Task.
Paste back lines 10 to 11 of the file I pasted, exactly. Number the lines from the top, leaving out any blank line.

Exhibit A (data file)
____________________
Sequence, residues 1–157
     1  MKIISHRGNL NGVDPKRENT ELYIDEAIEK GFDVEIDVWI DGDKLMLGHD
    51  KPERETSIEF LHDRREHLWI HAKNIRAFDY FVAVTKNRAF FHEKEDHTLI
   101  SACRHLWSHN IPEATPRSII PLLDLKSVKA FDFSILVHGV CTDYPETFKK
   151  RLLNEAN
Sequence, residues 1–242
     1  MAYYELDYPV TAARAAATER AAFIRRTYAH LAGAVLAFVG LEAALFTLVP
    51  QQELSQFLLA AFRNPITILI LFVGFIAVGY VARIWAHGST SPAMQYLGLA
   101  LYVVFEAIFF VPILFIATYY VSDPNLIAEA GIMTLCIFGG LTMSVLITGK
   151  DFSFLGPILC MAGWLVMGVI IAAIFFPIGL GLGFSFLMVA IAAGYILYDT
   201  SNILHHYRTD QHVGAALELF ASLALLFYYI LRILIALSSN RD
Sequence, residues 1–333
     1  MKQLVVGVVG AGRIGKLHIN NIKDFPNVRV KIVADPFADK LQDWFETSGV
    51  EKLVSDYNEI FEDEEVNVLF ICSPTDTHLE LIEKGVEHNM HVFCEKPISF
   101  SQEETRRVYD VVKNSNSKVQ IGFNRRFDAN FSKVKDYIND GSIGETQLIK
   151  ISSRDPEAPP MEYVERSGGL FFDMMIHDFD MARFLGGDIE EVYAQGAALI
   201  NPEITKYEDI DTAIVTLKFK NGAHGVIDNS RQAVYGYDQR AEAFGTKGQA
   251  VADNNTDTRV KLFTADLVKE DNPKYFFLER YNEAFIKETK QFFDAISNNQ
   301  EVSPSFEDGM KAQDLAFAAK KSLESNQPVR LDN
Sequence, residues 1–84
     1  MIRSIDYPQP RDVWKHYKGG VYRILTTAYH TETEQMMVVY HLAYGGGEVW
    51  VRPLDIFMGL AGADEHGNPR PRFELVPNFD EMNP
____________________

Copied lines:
   151  DFSFLGPILC MAGWLVMGVI IAAIFFPIGL GLGFSFLMVA IAAGYILYDT
   201  SNILHHYRTD QHVGAALELF ASLALLFYYI LRILIALSSN RD